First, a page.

Narrative connections

Be Useful

Be Useful

If you haven't heard, there is a new AI platform where you can ask the system anything you want and they will write you a detailed report, article, or proposal within seconds. It is pretty accurate and is, quite honestly, a bit of a marvel. The fact that the computer can spew out just about any content you want may seem super cool to many people, but I find it downright scary.

ChatGPT is owned by Elon Musk and was developed with the intention of open communication and a better world overall. And while I realize that we digest content in a very different way these days, I still believe in the power of real human connection. I subscribe to the idea that true learning is born from live, in-person experiences.

Real-world experiences provide a level of engagement and immersion that is difficult to achieve through other forms of learning. When we are actively participating in a live experience, we are fully present and engaged in the moment, which allows us to learn and absorb information in a much more effective and efficient way. 

Recently, I had the pleasure of making a client visit that resonated with me for days. Initially, the customer said “Why don’t we just zoom. You don’t have to spend the time and money to come see us.” I pushed backed and said, “I’m coming” and after a bunch of us went to dinner and shared some stories, I knew it was the right decision. At one point, I looked around and saw people laughing from their bellies and eager to share more of themselves.

It was a cathartic visit because it reminded us of the importance of in-person connections. You see, real-world experiences provide us with a sense of context and relevance that is difficult to achieve through other forms of learning. When we are learning through live experiences, we can see how the information and skills we are acquiring can be applied in a practical, real-world setting, which helps us to understand the value and relevance of what we are learning.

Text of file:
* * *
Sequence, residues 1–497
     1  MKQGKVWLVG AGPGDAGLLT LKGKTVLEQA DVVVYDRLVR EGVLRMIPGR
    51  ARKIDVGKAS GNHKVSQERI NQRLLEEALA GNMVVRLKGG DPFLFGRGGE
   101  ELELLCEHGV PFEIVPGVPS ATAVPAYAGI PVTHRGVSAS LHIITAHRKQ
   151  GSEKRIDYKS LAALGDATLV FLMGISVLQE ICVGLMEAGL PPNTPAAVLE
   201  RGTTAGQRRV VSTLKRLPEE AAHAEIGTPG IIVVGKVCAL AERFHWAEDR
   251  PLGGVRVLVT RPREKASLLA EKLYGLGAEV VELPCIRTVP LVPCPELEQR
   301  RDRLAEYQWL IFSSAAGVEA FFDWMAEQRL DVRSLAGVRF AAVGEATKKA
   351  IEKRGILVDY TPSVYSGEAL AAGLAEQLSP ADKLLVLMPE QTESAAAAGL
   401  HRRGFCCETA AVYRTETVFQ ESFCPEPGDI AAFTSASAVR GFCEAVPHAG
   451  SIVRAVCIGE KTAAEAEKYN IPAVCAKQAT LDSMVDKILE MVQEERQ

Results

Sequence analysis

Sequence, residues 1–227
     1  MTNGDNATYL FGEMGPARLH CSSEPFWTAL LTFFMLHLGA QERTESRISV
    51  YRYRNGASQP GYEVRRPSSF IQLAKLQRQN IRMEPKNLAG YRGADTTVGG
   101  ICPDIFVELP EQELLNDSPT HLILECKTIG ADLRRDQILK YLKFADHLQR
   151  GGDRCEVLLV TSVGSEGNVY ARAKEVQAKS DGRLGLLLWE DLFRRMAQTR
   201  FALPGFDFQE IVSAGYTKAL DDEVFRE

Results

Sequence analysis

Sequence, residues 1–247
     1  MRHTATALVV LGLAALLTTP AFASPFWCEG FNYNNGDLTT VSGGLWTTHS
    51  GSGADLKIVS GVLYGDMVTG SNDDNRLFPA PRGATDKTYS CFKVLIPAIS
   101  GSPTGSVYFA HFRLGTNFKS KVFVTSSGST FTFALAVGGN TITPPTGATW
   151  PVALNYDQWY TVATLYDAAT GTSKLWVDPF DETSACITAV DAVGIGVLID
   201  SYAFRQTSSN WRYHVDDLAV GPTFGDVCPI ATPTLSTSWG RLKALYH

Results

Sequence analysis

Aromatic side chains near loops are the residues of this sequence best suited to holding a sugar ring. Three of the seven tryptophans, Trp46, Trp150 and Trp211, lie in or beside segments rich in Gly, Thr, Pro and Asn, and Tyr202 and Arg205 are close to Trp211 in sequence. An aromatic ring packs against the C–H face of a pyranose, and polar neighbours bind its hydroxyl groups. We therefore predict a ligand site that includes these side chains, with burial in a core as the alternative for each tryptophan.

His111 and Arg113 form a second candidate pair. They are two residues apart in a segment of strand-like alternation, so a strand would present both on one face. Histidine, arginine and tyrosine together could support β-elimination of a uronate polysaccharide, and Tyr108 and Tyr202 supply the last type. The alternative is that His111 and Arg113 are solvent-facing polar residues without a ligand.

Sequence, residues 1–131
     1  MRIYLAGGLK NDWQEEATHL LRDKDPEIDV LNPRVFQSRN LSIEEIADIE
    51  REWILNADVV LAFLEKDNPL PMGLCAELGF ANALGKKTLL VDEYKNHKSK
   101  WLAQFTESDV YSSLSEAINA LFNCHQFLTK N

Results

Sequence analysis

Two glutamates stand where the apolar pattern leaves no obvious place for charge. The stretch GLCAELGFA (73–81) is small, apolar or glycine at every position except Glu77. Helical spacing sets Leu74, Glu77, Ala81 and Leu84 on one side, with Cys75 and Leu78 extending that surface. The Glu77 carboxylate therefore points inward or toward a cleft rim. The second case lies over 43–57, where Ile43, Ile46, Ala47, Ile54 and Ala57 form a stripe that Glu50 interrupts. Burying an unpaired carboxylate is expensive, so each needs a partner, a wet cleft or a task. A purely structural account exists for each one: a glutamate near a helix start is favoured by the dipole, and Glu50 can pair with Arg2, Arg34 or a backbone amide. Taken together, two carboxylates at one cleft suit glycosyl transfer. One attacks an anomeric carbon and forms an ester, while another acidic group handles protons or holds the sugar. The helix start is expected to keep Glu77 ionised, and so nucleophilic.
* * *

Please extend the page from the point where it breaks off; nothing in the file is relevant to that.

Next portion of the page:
Live interactions provide us with opportunities for collaboration, communication, and problem-solving that are difficult to replicate through other forms of learning. When we are physically engaging, we can interact with other people and work together to solve problems, which helps us to develop important social and communication skills.

Finally, when we discover things through real-world experiences and connect live with people, our self-confidence skyrockets. When you do the discovery on your own, you take a certain pride in it. When we do the work for ourselves without the help of a bot, our spirit is lifted, and we are a bit more fulfilled.

I worry that we are losing ourselves by outsourcing our humanness. And the reality is that we probably cannot stop it. We all use technology shortcuts, and we never stop and ask if we should. The law of “Everyone else is doing it” dominates our culture and anyone who attempts to push back is like Don Quixote fighting windmills.

I may simply be howling at the moon, but I am truly concerned about the lack of personality that comes from a scarcity of non-digital interaction. At some point, when we have no real stories share, we become boring. If we use no discipline to discover things for ourselves than we truly are dumber. And if we continue to rely on digital shortcuts rather than the sweat of our brow, we will most certainly lack self-esteem.

It cannot be overstated. The ability to participate in live experiences and engage with the world around us is a crucial component of effective and meaningful learning. And our growth is why we exist in the first place. As Ralph Waldo Emerson stated “The purpose of life is not to be happy. It is to be useful, to be honorable, to be compassionate, to have it make some difference that you have lived and lived well.” 

Begin useful matters.

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Mark Potter

Founder / Consultant

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